Pet Semetary: Bloodlines, playing at Fantastic Fest, shows the life of young Judd Crandall. A decades-early prequel, the film delves into the origin of the horrors while showing what shaped Jud Crandall’s (Jackson White) life in Pet Semetary. The prequel has entertaining moments but feels like a mix of the first movie and The Fog. So, it creates a mishmash that offers little more to the story, and its cliched nature even harms it. It is entertaining when it explores small-town dynamics, resentments, and history.
Directed by Lindsey Anderson Beer and written by Beer and Jeff Buhler, the movie takes the original film and book written by Stephen King and adds some depth. Whether it’s a depth audiences want to see explored is something else. The movie occurs in 1969 during the Vietnam War and the wildly unpopular draft. Jud Crandall’s childhood friend, Tim (Jack Mulhern), returns from the war to the relief of Tim’s father, Bill (David Duchovny). As Jud sets to leave the town of Ludlow with his girlfriend, Norma (Natalie Alyn Lind), a series of misfortunes set up a battle with the evil that wants to consume the town.
Pet Semetary: Bloodlines Leans Into Jud’s Savior Mentality
Though the movie refers to it as more of a hero complex, Jud wants to be part of something larger. The desire to make a difference is understandable. But it also puts others in danger. That is clear when he and his girlfriend Norma walk an antagonistic dog home. As a character, Jud is dull. His hero mentality feels like his whole identity. The stories surrounding the town and others hold the audience’s attention more. Perhaps that’s why he wants to leave—to be interesting. His father, Dan (Henry Thomas), encourages him to leave Ludlow to pursue his dream of heroism. But that’s not the only reason.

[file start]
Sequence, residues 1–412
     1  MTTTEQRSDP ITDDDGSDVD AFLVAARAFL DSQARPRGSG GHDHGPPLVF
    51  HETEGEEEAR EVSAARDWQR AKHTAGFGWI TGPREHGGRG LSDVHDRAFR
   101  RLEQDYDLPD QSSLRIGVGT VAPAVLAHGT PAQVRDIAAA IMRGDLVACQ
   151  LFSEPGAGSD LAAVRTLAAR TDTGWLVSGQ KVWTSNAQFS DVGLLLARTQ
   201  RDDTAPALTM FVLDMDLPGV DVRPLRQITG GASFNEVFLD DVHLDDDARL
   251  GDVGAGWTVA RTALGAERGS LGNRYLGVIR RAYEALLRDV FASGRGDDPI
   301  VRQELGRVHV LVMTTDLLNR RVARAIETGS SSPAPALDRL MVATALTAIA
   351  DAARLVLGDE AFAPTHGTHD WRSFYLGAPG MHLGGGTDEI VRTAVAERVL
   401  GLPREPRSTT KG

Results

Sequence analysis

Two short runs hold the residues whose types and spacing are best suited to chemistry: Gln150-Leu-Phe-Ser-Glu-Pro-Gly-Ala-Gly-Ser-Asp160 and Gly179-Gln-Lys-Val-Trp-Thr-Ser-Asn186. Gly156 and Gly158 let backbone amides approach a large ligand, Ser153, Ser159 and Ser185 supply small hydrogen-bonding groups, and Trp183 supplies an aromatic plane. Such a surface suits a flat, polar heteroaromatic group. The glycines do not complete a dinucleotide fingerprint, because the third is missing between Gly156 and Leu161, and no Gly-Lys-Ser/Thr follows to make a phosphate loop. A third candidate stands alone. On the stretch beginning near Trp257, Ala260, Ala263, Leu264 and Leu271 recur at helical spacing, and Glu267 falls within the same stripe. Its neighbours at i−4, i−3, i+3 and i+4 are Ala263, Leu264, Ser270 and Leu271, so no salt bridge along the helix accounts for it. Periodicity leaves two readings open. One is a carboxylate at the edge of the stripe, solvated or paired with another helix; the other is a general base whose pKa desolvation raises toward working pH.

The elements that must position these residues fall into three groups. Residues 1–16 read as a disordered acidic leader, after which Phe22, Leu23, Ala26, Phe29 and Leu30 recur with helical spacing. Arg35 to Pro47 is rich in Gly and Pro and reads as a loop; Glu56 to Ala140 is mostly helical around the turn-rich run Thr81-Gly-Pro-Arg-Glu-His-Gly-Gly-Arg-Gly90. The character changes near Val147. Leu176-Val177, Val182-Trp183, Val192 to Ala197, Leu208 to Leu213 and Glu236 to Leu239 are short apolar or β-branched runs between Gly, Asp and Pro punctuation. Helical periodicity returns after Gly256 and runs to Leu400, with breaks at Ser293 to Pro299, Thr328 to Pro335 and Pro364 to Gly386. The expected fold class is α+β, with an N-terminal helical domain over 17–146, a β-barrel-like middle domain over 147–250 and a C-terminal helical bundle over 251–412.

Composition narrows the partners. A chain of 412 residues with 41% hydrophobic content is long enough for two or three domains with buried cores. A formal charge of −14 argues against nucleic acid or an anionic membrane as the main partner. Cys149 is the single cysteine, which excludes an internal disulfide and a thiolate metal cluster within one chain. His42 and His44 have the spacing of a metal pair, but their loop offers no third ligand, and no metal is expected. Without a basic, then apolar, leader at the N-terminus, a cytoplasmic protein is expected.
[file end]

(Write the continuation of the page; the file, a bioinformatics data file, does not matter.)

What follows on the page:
Ludlow Lore Meets The Fog
While it feels less like Pet Semetary and more like The Fog, how the movie explains how the horror came about lifts the story from superficiality. Tying in the Mi’kmaq and casting Indigenous people adds weight to that aspect. Forrest Goodluck as Manny and Isabella LaBlanc as his sister, Donna, deliver admirable performances. The dialogue hinders most of the cast, moving between too pat and too vague or cliched.
Besides The Fog, it also has The Vampire Diaries moments. The meetings about what’s occurring that only a select few in the town know are similar to the council in that series. Pam Grier, who plays Majorie, is on it. Exploring the history of Ludlow makes sense. But part of what made Pet Semetary so chilling was the largely mysterious aspect of how burying the dead works. In lieu of the mystery, Pet Semetary: Bloodlines gives some clarity.
While prequels and sequels do not necessarily have to rise above their original, this prequel feels unnecessary. As such, Pet Semetary: Bloodlines needs to add a layer worth inclusion. Jud’s character arc, however, makes sense. Although no one clamored for a Jud prequel, there are entertaining elements despite less engaging dialogue. Plus, the film wraps up the story nicely. Pet Semetary: Bloodlines has occasional frights but little else worth its inclusion in that world.
*This piece was written during the 2023 WGA and SAG-AFTRA strikes. Without the labor of the writers and actors currently on strike, the movie being covered here wouldn’t exist.